Mar. 9, 2006

False Teeth

by Patricia Dobler

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Poem: "False Teeth" by Patricia Dobler from Collected Poems. © Autumn House Press. Reprinted with permission.

False Teeth

Walking back to her sister's house,
woozy from relief and Novocain,
she nearly trips on the B&O tracks.
Then she sees it. A $20 bill.

Not crumpled. Folded between the ties,
pleated into a little fan, as if arranged
by whatever tooth fairy looks after
30-year old women who lose all their teeth.

When she walks into her sister's and grins,
she scares the baby—her swollen face,
the gums still bleeding, her words clotted
like the cries of an animal—

They think she's gone crazy with pain until
she holds up the money. The men are laid off
again, but she can pay the dentist
what he's owed, she can buy false teeth.

They say, "For every child, a tooth,"
and this is a story for children
whose toothless mother lost
and found and came out even.

Literary and Historical Notes:

It was on this day in 1933 that newly inaugurated President Franklin D. Roosevelt called a special session of Congress and began the first hundred days of enacting his New Deal legislation.

It was the Great Depression. A quarter of the American workforce was unemployed. The prices for industrial goods and agricultural products were falling. There were breadlines in every major city for all the unemployed and hungry. Thousands of people roamed the country on freight trains looking for odd jobs and handouts. Banks were failing at an unprecedented rate, and millions of Americans had lost all or part of their savings.

So people were shocked by Roosevelt's cheerful demeanor when they saw him just before his inauguration. He was facing one of the most difficult domestic situations in the country's history, but he seemed excited about it. At his first press conference, on March 8, 1933, the reporters were surprised that the new president actually talked to them. Almost all previous presidents had refused to talk off the cuff with reporters, but Franklin Roosevelt didn't mind answering all kinds of questions about what he planned to do for the country's problems.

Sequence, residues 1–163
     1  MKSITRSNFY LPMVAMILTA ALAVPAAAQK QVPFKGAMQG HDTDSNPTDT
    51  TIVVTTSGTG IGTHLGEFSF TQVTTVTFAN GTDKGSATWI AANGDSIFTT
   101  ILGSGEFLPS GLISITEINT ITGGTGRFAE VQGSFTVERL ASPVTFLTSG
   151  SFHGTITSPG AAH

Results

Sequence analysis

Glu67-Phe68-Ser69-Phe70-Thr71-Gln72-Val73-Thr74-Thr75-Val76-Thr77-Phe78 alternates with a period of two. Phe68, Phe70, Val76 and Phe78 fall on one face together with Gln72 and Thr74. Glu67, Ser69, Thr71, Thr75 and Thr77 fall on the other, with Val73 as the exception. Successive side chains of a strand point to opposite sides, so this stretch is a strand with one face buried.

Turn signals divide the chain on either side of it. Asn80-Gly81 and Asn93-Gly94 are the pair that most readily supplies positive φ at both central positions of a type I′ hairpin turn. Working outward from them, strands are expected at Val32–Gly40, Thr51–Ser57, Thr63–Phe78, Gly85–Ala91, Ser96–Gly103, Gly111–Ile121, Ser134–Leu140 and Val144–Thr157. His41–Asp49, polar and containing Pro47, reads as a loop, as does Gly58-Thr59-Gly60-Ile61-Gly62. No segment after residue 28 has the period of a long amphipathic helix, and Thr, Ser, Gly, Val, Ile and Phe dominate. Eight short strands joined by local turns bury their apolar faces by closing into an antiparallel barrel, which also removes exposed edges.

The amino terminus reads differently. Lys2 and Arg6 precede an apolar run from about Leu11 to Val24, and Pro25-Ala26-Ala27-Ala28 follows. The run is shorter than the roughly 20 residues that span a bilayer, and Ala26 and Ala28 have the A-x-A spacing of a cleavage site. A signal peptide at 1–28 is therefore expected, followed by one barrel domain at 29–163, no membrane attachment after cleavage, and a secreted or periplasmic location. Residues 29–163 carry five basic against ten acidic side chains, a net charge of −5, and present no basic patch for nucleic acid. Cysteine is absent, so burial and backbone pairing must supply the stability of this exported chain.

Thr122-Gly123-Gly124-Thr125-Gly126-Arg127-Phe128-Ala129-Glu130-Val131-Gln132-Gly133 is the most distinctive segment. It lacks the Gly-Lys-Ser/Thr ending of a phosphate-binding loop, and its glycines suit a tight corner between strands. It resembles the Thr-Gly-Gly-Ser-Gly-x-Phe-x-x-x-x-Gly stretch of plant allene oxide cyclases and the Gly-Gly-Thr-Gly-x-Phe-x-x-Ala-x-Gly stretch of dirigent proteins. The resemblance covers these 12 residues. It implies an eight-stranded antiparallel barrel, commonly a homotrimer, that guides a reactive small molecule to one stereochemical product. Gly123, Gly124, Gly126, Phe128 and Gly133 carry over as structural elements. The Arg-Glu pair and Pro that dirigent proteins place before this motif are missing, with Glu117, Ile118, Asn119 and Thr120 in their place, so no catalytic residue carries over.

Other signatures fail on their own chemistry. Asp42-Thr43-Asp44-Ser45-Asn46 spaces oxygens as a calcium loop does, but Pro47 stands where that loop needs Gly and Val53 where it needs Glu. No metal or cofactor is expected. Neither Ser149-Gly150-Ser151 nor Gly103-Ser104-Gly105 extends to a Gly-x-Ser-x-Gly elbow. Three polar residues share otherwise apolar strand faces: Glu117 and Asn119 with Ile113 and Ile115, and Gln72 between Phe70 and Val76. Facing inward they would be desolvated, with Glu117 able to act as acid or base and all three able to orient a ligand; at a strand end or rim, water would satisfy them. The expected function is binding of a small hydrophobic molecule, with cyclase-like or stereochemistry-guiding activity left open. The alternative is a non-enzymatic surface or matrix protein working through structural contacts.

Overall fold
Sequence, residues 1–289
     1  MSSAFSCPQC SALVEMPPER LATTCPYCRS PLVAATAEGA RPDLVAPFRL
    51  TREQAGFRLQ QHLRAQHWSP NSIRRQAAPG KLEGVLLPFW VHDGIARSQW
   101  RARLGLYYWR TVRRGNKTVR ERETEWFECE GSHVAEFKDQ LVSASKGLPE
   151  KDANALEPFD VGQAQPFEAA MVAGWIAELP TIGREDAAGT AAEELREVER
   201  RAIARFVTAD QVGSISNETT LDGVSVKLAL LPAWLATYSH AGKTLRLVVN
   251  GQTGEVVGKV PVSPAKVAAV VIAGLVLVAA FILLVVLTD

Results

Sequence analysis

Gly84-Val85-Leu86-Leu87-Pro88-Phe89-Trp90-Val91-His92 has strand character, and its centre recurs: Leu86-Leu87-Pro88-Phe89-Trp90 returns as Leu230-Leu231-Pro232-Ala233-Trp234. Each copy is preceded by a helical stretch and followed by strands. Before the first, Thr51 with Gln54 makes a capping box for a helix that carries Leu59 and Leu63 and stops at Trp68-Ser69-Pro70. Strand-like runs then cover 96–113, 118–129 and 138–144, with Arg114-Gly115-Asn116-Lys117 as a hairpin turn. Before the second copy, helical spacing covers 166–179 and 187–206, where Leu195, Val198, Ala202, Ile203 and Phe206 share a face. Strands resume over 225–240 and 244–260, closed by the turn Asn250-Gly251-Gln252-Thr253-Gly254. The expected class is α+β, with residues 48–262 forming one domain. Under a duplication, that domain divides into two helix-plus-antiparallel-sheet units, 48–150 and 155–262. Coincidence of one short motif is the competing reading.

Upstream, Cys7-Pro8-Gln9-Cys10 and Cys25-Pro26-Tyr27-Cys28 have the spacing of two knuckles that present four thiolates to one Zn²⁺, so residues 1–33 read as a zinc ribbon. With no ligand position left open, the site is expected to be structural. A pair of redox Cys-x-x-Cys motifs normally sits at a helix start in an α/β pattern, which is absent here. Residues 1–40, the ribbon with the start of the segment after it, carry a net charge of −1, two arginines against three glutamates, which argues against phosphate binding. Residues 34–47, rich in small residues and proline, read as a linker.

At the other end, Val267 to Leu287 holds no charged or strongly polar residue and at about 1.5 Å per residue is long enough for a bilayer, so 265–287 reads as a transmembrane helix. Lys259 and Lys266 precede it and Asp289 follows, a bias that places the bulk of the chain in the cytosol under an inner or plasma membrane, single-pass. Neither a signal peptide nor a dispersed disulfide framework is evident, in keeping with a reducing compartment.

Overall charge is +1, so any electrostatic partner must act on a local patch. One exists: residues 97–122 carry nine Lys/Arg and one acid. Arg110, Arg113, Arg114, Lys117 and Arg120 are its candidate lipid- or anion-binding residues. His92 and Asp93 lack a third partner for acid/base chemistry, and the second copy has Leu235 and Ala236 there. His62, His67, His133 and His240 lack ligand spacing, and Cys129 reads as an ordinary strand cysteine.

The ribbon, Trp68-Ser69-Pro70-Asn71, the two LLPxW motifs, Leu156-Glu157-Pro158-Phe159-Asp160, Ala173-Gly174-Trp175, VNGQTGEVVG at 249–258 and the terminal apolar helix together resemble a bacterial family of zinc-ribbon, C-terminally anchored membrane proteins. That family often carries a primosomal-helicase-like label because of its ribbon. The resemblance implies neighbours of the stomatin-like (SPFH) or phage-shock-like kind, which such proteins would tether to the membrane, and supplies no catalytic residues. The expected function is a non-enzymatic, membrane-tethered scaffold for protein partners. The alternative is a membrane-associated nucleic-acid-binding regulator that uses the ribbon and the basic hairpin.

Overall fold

And then on this day in 1933 he called Congress into session. He had Democratic majorities in both houses, and many of the new members had been elected on his coattails. So the Congress became a kind of rubber stamp for the passage of some of the most sweeping federal legislation that had ever been passed in our country's history.

The first piece of legislation the President proposed was the Emergency Banking Act. Congress had been rushed into session so quickly that there was no printed version of the bill available. So a clerk read the bill aloud for the representatives. Even though no one had a chance to examine it in detail, the bill passed after forty minutes of debate. Roosevelt signed it that evening. Within a month, seven out of every ten banks in the country were open again, and there were no more runs on cash.

For the next few months, bills were passed almost daily. Among the new federal programs created were the Federal Emergency Relief Administration, which distributed half a billion dollars to the poor; the Civilian Conservation Corps, which employed people to work on forestry projects; the Public Works Administration, which employed people to build bridges, dams and roads all across the country; the Tennessee Valley Authority, which employed people to build and maintain dams on the Tennessee River, controlling flooding and providing cheap energy; and the Federal Deposit Insurance Corporation, which provided for the first insurance of banking deposits.

It was the largest expansion of the Federal Government in U.S. history. Roosevelt said, "The country needs and ... demands bold, persistent experimentation. It is common sense to take a method and try it. If it fails, admit it frankly and try another. But above all, try something. The millions who are in want will not stand idly by silently forever while the things to satisfy their needs are within easy reach."

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